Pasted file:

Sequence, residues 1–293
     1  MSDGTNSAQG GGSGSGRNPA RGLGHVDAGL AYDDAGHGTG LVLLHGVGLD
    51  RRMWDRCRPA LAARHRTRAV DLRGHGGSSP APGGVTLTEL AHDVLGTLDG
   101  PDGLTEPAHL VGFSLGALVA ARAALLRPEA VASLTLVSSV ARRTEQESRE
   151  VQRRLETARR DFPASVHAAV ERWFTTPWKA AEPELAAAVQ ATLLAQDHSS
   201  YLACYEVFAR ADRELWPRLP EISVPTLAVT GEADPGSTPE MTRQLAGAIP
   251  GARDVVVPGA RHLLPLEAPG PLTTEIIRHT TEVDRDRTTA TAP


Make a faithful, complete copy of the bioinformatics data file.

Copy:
Sequence, residues 1–293
     1  MSDGTNSAQG GGSGSGRNPA RGLGHVDAGL AYDDAGHGTG LVLLHGVGLD
    51  RRMWDRCRPA LAARHRTRAV DLRGHGGSSP APGGVTLTEL AHDVLGTLDG
   101  PDGLTEPAHL VGFSLGALVA ARAALLRPEA VASLTLVSSV ARRTEQESRE
   151  VQRRLETARR DFPASVHAAV ERWFTTPWKA AEPELAAAVQ ATLLAQDHSS
   201  YLACYEVFAR ADRELWPRLP EISVPTLAVT GEADPGSTPE MTRQLAGAIP
   251  GARDVVVPGA RHLLPLEAPG PLTTEIIRHT TEVDRDRTTA TAP